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Toilet Equality – Pioneering Female Urinals

09 February 2022

The team behind the UK’s first portable female urinal have raised £250,000 in their first funding round, as they strive to pioneer toilet equality for women and make their longer queues a thing of the past.

University of Bristol graduates Amber Probyn, 23, and Hazel McShane, 25, say their flatpack portable urinals made of recycled sea plastics are six times faster to use and produce 98 per cent less carbon than traditional portable toilets.

PEEQUAL has closed its first funding round, with a quarter of a million pounds raised to take the business into its next phase. Companies that have backed the project include: the British Design Fund, Monzo co-founder Tom Blomfield, former Gü COO Sarah Jones, and angel investors Chris Stamp and Elaine Groenestein. 

Amber and Hazel’s urinals will become a common sight at British festivals and events, with 250 units currently under construction and several deals being signed with large-scale festival operators in the coming weeks. Deals are also underway with European festivals for the 2023 season. 

Hazel said: “This funding is not only a huge vote of confidence in PEEQUAL but also a big moment for pee equality the world over. We want PEEQUAL to empower women to take back their time and break the taboo around female urination.


Are Toilet Provisions Fairly Balanced?


Gail Ramster, a senior researcher at the Royal College of Art's Helen Hamlyn Centre for Design, spoke to the BBC about her views on female urinals. "Men's and women's toilets are often built to the same square footage, but because you can fit more urinals in that space, men have more fixtures to use, usually, than women do,” she pointed out. The average amount of time it takes for women to use these facilities is longer, yet they are usually left with less accommodating facilities due to a lack of urinal designs.

If FMs are treating gendered toilets for large capacity spaces with equal support, it stands to reason that this should be about balanced wait times rather than simply spatial provisions. Statistical equity would actually have more support provided for female washroom access due to the biological, social and physical attributes that lengthen the average toilet usage duration and sometimes the urgency of visits for women.

Research suggests that the best option is often to provide toilets in a unisex, gender-neutral layout, with cubicles and equal numbers of urinals for either biology.

“We are building a team to bring our urinals to festivals, sporting events, outdoor shows and more,” Hazel continued.

“We’re really proud to be changing the way women pee, and doing it in a safe way which reduces time spent in queues. Because our urinals are modular and flat packed, just one of our festival orders this summer will take 140 lorry trips off the roads.”

Female urinals are not an entirely new idea – Pollee, madamePee, and Lapee are some of the other designs from abroad that have been trialled to varying degrees of success, with the history of development leading to more innovation and adoption in the current day. The most similar build was the Lapee, which didn't flatpack or utilise a waste to energy system.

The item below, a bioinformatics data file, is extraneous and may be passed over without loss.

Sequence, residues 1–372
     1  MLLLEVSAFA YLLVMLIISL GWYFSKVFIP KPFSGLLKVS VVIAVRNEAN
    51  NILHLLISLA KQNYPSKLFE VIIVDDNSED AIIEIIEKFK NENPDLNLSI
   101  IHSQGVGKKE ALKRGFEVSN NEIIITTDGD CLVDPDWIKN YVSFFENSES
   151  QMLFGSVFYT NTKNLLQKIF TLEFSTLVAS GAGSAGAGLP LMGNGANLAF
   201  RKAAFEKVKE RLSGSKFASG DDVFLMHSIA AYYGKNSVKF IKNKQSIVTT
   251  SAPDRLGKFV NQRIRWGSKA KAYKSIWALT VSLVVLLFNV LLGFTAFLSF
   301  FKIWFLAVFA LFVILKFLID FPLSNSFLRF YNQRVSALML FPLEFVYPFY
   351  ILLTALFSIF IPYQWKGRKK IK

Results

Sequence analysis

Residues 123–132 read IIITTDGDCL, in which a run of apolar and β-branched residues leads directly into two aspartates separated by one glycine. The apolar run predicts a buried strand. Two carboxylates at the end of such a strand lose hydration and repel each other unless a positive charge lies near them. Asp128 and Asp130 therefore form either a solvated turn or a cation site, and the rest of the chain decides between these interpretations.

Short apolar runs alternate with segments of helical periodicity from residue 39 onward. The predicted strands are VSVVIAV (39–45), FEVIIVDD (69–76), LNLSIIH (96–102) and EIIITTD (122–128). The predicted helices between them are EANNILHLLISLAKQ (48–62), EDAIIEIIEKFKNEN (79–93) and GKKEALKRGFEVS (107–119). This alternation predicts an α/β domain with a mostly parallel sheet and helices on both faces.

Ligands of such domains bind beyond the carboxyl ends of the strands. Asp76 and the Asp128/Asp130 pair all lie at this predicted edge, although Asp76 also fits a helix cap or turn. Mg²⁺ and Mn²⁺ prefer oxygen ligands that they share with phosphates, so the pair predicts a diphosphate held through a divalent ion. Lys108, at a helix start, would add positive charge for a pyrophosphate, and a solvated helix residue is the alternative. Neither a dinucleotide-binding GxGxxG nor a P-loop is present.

Tom Blomfield, Co-Founder of Monzo, said: “I'm proud to be an investor in PEEQUAL - it's important that women have access to toilets that are quick, safe and sustainable.

“I was really impressed with Hazel and Amber's drive and determination, and the progress they've made with the business is magnificent. I'm sure you'll see more of their urinals at UK festivals this summer.”


Investment for Women, not Waste


PEEQUAL is working with social enterprise PEEPOWER to turn the urine into electricity. PEEQUAL also has plans to convert the urine into fertilizer in the future. The pair came up with the initial design while studying at the University of Bristol and the idea won them £15,000 from the institution’s start-up competition. Since graduating in 2021 they have toured UK festivals, gaining user feedback and tweaking their design. Christine Dent, site manager of Shambala Festival, said the urinals were “excellent” and “the best  solution I have seen”. She added: “We look forward to having PEEQUAL back next year.”

According to the Alison Rose review of Female Entrepreneurship, less than one per cent of UK venture funding goes to all-female teams and nearly half of investment teams include no women at all. Amber said: “Being part of the one per cent of women who successfully raise funding, I feel humbled and passionate about helping other female founders do the same.”

PEEQUAL now has offices in Runway, the University of Bristol’s student and graduate start-up hub. Mark Neild, programme director for Runway at the University of Bristol, said: “Amber and Hazel are the perfect examples of what intelligent and dynamic young people are capable of doing – disrupting a stale market that doesn’t work for half of its consumers. “We are excited to have them join our new Runway space to inspire others and share in the community we are creating to help student start-ups fly.”

Amber and Hazel both studied at the University’s award-winning Centre for Innovation and Entrepreneurship. Students at the Centre take one of 14 regular subjects and combine their studies with Innovation units.

Picture: the PEEQUAL design. Image credit: PEEQUAL.

Article written by Bailey Sparkes | Published 09 February 2022


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